Hey, I know it is an old topic, but one I would gladly read further, if we’d have more comments here. So I share what paganism gives me. I grew up very close to nature in a small town surrounded by hills and woods and we spent enormous amounts of time outdoors, in the summer we even cooked outside on open fire every single weekend. I also had a strange and strong emotional connection with ’magical stories’ and folklore as a child, which I couldn’t manage to grow out at all, but rather created a base to the way I see the world. People tend to grow up and leave their birth place, I moved to different big cities and big city life exhausts me big time both emotionally and physically. My paganism takes the weight of life off from my shoulder, cleanse me from the stress of the artificial and processed life the city can offer and provides a site to bond with my truest inner self while making a connection with nature - like a soul-to-soul with the spark of life within the earth. When I take care of my herbs or cooking for a feast or preparing for celebration it feels like pouring balm on my soul. I feel content, happy and excited. Paganism provides traditions, inheritable ones which I can share with my family and can celebrate together, strengthening our relationship and deepening our love for each other. Also gives some quiet meditation, opportunities to self-reflect, make peace with myself and achieve internal equilibrium, which I believe is incredibly important for safe magical practice. Paganism is not a kind of religion for me, I do not worship any deities. I tried many times many different gods but all rituals felt very empty and honestly, a bit like ’let’s play’. I am truly amazed by people can believe in a god, sometimes I could envy them for their love. For me, the fact that the soil with the help of the other elements and effects of celestial bodies and physical laws can and does produce life is the source of all magic. As a healthcare professional my approach is also very scientific, but the science behind it gives the ground to truly trust it. I learn to know it. And no one said paganism must be belief. It can be based on knowledge, see the term WISE-wo/man {and lots of sentiment}. I listen to my body and soul and I modify my rituals every time to accommodate to the urge and inspiration I feel while performing it. Therefore my paganism is the way of my life, not just ’on weekends’, but it is my very existence, intervening with all and every decisions I make from my carrier choice to what to eat or when to sleep. Paganism is freedom. Well, sort of. As my paganism deeply roots in the respect to all organics, and REAL nutrients are like number 1 priority for me when it comes to nourishing my family we have no microwave oven in the house haha.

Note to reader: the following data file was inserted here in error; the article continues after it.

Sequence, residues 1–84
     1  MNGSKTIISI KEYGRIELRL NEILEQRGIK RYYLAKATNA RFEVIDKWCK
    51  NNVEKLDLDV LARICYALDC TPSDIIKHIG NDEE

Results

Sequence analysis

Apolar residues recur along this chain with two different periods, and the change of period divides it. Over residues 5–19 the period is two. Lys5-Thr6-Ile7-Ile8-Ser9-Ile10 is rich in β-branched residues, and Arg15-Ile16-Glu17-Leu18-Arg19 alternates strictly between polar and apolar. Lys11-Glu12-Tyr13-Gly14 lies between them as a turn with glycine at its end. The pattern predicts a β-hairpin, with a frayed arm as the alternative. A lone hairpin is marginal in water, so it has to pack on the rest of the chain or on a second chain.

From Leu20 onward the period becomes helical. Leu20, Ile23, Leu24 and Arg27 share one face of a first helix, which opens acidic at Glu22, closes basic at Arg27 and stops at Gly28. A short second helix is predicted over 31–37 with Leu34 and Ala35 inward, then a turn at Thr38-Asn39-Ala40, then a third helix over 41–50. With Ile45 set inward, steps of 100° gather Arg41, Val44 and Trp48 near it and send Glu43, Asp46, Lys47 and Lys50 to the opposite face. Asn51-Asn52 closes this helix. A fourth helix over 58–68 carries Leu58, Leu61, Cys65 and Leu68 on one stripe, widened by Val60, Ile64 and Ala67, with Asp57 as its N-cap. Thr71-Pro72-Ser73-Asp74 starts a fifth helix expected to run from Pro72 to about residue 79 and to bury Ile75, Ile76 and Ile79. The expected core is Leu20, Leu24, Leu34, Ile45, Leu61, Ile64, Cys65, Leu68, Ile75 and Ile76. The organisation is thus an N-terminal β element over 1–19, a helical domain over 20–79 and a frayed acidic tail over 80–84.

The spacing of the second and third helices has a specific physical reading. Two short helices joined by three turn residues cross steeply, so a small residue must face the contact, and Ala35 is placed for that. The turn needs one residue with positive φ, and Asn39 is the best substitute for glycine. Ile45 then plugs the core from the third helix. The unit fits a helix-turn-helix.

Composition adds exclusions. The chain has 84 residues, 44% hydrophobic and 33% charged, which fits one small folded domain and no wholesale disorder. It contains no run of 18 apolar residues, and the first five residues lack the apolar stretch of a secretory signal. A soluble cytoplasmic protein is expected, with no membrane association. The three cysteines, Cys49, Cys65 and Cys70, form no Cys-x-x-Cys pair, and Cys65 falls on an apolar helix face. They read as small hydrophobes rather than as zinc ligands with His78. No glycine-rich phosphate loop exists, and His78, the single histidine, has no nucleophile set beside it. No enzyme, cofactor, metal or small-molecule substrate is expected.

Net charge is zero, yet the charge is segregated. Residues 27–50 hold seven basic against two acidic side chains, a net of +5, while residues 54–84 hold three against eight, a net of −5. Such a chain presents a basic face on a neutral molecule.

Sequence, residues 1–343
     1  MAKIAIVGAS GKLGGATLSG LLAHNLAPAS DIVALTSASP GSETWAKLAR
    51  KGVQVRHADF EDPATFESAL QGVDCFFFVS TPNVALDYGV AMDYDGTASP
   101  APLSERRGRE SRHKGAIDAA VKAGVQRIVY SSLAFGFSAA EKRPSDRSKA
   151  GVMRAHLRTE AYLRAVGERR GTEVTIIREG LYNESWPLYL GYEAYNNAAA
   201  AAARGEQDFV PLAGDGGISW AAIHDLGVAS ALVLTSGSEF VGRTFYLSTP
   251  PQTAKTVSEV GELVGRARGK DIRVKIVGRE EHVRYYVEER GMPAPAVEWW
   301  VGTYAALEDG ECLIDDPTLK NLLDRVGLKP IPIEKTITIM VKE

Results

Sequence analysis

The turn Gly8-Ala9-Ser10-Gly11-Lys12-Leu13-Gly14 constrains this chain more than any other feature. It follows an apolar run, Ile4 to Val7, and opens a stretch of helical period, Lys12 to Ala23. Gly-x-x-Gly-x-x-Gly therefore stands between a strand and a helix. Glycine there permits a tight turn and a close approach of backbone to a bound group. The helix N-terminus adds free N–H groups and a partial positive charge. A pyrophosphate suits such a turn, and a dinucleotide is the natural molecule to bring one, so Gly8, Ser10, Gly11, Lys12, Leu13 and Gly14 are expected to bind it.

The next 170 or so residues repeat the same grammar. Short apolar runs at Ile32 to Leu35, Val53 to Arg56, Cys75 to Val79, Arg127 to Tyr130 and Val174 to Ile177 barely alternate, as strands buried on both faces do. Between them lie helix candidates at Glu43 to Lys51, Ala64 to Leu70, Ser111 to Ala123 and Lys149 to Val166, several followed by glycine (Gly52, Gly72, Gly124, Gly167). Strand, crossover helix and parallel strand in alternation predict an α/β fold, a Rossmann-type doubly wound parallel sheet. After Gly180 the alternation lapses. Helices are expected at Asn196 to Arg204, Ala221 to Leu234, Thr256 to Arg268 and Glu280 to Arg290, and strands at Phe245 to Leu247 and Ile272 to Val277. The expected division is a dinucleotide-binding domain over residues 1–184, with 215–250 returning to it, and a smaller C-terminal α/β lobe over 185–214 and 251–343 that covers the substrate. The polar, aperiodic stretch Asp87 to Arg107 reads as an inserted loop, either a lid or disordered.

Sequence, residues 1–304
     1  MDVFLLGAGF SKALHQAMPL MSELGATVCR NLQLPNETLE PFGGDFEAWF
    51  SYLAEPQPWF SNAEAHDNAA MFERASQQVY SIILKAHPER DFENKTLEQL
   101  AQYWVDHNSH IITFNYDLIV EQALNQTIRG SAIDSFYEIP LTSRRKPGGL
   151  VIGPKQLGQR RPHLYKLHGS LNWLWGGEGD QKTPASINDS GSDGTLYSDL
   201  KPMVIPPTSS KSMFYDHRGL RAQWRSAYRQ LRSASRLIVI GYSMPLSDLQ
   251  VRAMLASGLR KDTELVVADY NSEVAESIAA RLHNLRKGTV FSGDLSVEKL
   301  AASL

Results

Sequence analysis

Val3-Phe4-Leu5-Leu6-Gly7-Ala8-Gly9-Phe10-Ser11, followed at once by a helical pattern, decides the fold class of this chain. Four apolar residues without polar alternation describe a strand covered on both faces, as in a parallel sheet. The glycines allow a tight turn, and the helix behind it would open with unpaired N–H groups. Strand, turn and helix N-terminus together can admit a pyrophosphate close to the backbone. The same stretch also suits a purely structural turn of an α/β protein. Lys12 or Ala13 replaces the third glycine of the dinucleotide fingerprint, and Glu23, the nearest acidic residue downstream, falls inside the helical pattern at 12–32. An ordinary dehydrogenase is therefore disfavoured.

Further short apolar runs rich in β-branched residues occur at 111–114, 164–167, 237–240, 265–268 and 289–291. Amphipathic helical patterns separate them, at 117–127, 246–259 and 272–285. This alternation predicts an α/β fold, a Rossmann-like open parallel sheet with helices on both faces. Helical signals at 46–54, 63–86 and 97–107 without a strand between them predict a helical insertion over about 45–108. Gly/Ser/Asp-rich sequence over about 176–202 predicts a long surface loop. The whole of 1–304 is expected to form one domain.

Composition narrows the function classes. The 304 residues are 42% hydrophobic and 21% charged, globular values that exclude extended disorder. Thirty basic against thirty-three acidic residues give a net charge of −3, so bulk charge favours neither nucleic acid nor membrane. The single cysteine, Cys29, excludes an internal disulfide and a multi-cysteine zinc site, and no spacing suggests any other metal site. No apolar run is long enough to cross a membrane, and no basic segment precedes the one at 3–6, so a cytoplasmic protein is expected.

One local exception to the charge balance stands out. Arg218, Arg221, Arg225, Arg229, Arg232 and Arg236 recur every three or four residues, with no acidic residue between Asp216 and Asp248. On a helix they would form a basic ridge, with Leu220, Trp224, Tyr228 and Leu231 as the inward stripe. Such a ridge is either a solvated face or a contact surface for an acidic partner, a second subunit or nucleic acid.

26. The Earth has its own unique frequency of energy vibration, which can have transformative effects on your life when you connect with it. And, some locations are far more powerful than others for working with this energy. Melissa Alvarez, author of Earth Frequency, provides four ways we can work with this powerful energy for better lives. View the full article
  27. Roseora

    Am I pagan?

    This pretty much sums it up, but I just wanted to answer your questions directly. What path you choose doesn’t matter, unless if matters to you. If you feel an affinity towards a certain path then that’s great, but me and probably a lot of others haven’t found yet, or don’t want, a specific label on our faith. It’s a very peronal thing; entirely up to you. First steps? None specifically, but I would highly reccomend reading up on some rituals and meditation that you might enjoy or find peace and comfort in, these are a huge part of many peoples practice. Find what works for you; you don’t have to have lots of candles and herbs and do magick, but you can if you want to, or you can just experiment with the practices of different paths until you figure out how you wnt to practice. Ideas; Find a nice notebook and make a ‘book of shadows’; note down your thoughts, experiences, any information you find important. Draw, scribble, press flowers, write spells, whatever. It’s your book. Find a cushion, get some incence or scented candle and try meditation. I find it most peaceful to do outside on a warm evening, looking at the moon. 🙂 Maybe you could meditate under your favourite trees? Take a drink, snack and get comfy, if you enjoy meditation you might be there a while. Read about the wiccan sabbats; they mark the seasons. Samhain, yule, ect. To a lot of people these are a way of acknowledging the seasons. If you live in a large city, it’s possible there’s a coven near you, if you want to. I personally haven’t had the best experiences with them being few and far between, and often having a very specific set of collective beliefs and not much leeway for disagreement, but some people find a great community and friends this way. No matter what steps you take, or if you choose to call yourself pagan, remember this; Only you can define who you are. Only you can decide what you believe. Only you can know if you are pagan or not, or what path to follow. The answer is in your heart and mind, but it can be hard to figure it out sometimes. Good luck, and have a nice night. 🙂